Denmark is offering immigrants from “non-Western” countries 100,000 Danish kroners (US$20,000) if they volunteer to give up their legal residency and move “home”. This is just one of many creative initiatives spearheaded by the anti-immigrant Danish People's Party to make foreigners – and especially Muslims – feel unwelcome in this small European country of 5.5 million inhabitants.
According to the Danish People's Party, a coalition partner of the two ruling right-wing parties of the Danish government, paying immigrants to leave Denmark will save the state money on social services and “problems” [da] in the long run. “It costs quite a lot to have maladjusted immigrants in Danish society,” said financial spokesperson of the party, Kristian Thulesen Dahl. Funds have also been set aside for campaigns by local authorities who wish to encourage immigrants to leave the country. The government have not yet calculated how many people can be expected to accept the offer.
Around 10% of the population in Denmark are immigrants or descendants of immigrants including from neighboring countries, as well as the rest of the world. The primary issue in politics and the media for the past many years has been the “integration” of Muslim and other non-western immigrants and the tension arising from a perceived clash of cultures. Danish politicians have created some of the most stringent immigration laws in all of Europe, and continue to score high for it in polls.
How much, to leave the country?
In response, a sarcastic public Facebook group [da] protesting the law has been set up to collect 100,000 kroners to pay the leader of the Danish People's Party, Pia Kjærsgård to leave the country.
The group has over 16,000 members, and the tagline says, “100,000 kr. dear friends – and maybe she'll do it”. The group creators pledge to offer any additional money collected to the minister of integration, Birthe Rønn Hornbech from the governing Liberal Party, in case she should be amenable to leaving the country as well.
The debate on the Facebook group page is heated. Some offer witty comments about who else should be kicked out of the country or what else should happen to them, while others counter that the offer from the Danish government is a generous offer and should be welcomed by immigrants who are unhappy in Denmark and would prefer to leave. One commenter disagrees with the hype, and reminds everyone that a similar policy has been in place for several years, but the amount of money on offer was only 10 times smaller.
Facebook commenter Dan Cornali Jørgensen says [da]:
Jeg har måske misforstået konceptet?
Drejer det sig ikke om et lovforslag som giver ikke-integrerbare udlændige mulighed for at sige ja-tak, til en check på 100.000 kr. mod tilsagn om frivilligt at rejse hjem til deres oprindelsesland? Umidelbart virker det storsindet og absolut humanistisk, da vi må formode at 100.000… kr. er en anseelig formue i det pågældende land, og nok til at starte en anstændig tilværelse i det land som de tilsyneladende har så stærk tilknytning til…
Isn't it about a law that would give un-integratable foreigners the opportunity to say yes-please to a check of 100,000 kr. to voluntarily travel home to their country of origin? It seems magnanimous and absolutely humanitarian since we must assume that 100,000 kr. is something of a fortune in that country, and enough to start a decent existence in the country they apparently have a strong attachment to…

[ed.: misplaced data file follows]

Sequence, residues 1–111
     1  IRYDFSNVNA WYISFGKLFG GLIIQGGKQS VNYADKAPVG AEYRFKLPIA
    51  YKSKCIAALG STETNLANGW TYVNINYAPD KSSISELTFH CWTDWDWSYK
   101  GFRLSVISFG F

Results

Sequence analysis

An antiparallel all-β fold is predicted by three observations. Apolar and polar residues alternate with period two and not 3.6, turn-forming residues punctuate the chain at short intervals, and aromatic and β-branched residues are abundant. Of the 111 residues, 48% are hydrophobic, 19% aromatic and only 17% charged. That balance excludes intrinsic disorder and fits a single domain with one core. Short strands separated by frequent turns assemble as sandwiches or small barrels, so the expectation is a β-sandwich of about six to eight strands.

Pensioners must report travel of more than 2 months
Another initiative negotiated this month by Danish People's Party is a law that requires all pensioners and early retirees in Denmark [da] to report to their city government if they plan to leave Denmark for more than two months at a time. Ostensibly, the goal is to stop people “for instance, Iraqis” from receiving pension payments in Denmark while they may be collecting wages in another country at the same time. The most popular example is that of an Iraqi-Danish politician, Samia Aziz Mohammad, who was discovered to be collecting pension funds while she was earning high wages from the Iraqi parliament. She has since paid the money back [da] to the Danish government. Another pensioner was discovered by the Danish press to be earning wages from the Kurdish parliament.
Members of parliament of both the Liberal Party and the Danish People's Party have argued that the new restrictions will also cut down on holiday visits by fake refugees to their home countries, and repatriation of family members who spend too much time abroad.
The fact that all Danish pensioners wil in effect will become suspects of fraud is something the biggest association of the elderly in Denmark, DaneAge, is vocally angry [da] about. Many comments on newspaper articles [da] support the government's attempt to cut down on fraud, while others draw comparisons to East Germany (GDR) travel bans of the past.
One Danish blogger, Erik Bentzen on Dette og Hint, says [da]:
Enhver kan sige sig selv, at meldepligten ikke dæmmer op for noget som helst, da den ikke indebærer nogen form for effektiv kontrol.
Det er ren chikane og tom signalpolitik, som øger kommunernes administrative arbejde til ingen verdens nytte.
Reglen er så amøbeintelligent, at den forhåbentlig giver bagslag, næste gang pensionisterne skal til stemmeurnerne.
This is pure harassment and empty symbolic politics, which increases the administrative work of local government for no reason whatsoever.
The rule is so amoebae-intelligent that it hopefully will result in backlash next time the pensioners will vote.